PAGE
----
I imagine that one factor is the heavy push for the 401k at about where the inflection is (1990). I definitely remember the selling of the things in companies right about then. It was fun watching a CFO indelicately ask the fund salesman about the value of actively managed funds.

You know, maybe I could just look at all the paper rushing around as a relative to fractional reserve banking.

George Rebane

In many ways GDP is a total amount of money that changed hands (i.e. was spent) during a 12-month period. The spent money need not have been generated by producing or servicing something; it could just have been borrowed from savings or from another economy, and, of course, simply printed (immaculate conception).

The Estonian Fox

"to retain our account by modifying his fee structure so he would have more skin in our game."

George, that sounds an awful lot like your previous thoughts that universities should be guaranteeing 50% to 100% of their students' loans. Which might prevent the moral hazard of letting the unsuspecting high school graduate step into an oven of his (parents) own burning cash, without an extinguisher in hand. Why aren't they willing to do that? My guess is colleges aren't really risk-takers, but more like caretakers, or soon-to-be undertakers, of the college loan wildfire.

Of course, loans to STEM students might not have to be backed by universities, only the majors with "justice", "studies", "psycho", "gov" or "socio" in the degrees.


"George, that sounds an awful lot like your previous thoughts that universities should be guaranteeing 50% to 100% of their students' loans."

In a sense they do that beforehand by heavily subsidizing or outright paying for tuition beforehand in some cases.

That's the super-brilliant thing about the system. You drive the price to infinity by chumming it with cash via .gov and loans, and then pay the tab for your special friends. I believe that well over half of UC and CSU students pay no tuition.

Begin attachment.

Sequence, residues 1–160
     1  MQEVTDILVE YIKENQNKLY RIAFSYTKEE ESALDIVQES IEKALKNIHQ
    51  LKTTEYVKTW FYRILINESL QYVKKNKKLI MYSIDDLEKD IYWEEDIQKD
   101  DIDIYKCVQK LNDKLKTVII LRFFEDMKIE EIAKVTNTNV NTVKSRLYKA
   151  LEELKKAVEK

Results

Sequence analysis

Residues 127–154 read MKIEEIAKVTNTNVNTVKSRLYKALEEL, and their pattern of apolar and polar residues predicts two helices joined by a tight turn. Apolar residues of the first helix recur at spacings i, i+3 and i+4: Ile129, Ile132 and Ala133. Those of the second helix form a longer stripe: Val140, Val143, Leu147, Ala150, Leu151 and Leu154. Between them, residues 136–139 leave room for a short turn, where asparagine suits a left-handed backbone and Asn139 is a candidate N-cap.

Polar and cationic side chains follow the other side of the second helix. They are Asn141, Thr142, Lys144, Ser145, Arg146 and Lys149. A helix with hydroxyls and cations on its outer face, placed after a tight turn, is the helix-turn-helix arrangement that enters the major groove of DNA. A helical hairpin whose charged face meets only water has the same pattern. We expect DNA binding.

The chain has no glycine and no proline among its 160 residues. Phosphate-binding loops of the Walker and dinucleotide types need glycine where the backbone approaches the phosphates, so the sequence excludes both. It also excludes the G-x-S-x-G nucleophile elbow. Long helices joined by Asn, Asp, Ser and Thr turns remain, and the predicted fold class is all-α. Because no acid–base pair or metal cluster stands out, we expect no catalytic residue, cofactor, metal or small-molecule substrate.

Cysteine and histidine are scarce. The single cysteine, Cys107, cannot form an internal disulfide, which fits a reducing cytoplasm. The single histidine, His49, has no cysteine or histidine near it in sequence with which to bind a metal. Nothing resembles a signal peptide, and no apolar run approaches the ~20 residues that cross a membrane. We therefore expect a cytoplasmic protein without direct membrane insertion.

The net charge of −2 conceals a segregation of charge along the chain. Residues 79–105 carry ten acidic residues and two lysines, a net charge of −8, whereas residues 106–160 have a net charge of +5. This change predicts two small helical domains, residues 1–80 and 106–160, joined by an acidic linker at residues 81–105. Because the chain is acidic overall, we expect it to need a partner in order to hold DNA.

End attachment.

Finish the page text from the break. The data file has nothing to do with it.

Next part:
If economics were at work, you could simply subsidize all the STEM degree tuitions. If fairness were at work, you could make all the degrees the same cost (even $0) and get rid of 'scholarships'. If Crazytown were at work, you make it super-expensive and then pass out 'scholarships' to useless degree programs by tuning the requirements.

If a person could invent a way to produce energy from Grievance Studies, they might have something. It seems to me that generating useful work from what is basically Dark Energy sounds unlikely although it might explain the universe expanding.

George Rebane

Efox 318am - Colleges have been out of the risk business for years. Why worry as long as govt pays for students' tuitions with loans to which you are not a party? Yes, I'm a 'skin-in-the-game' kinda guy. Selling degrees that certify worthless skillsets is IMHO outright fraud.

scenes 707am - One approach is to make a certain percent (say, 67%) of student loans be to majors that are currently sought by employers. The same could be applied to federal scholarships.


"majors that are currently sought by employers. "

Given the growth in the Woke HR departments and Diversity Equity Grievance divisions of large companies, it could be that you just end up with status quo.

Of course, the generation following should probably all become Chinese Language majors (or work on their post-apocalypse skills if the Biden Ministry of Peace keeps it up).


I recall a comic strip where Dilbert explained how investment works to Dogbert:
"Basically, I give my money to my broker, and then he buys nice things for his family".

The comments to this entry are closed.

Blog powered by Typepad